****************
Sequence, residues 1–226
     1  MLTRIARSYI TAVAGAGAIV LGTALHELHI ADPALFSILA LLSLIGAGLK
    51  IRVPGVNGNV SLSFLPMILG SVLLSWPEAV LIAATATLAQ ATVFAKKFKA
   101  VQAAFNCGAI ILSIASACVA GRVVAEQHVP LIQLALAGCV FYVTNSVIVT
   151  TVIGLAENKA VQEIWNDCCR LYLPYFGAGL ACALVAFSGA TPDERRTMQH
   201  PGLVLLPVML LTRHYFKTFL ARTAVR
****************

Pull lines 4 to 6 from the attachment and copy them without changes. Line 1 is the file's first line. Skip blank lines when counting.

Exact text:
   101  VQAAFNCGAI ILSIASACVA GRVVAEQHVP LIQLALAGCV FYVTNSVIVT
   151  TVIGLAENKA VQEIWNDCCR LYLPYFGAGL ACALVAFSGA TPDERRTMQH
   201  PGLVLLPVML LTRHYFKTFL ARTAVR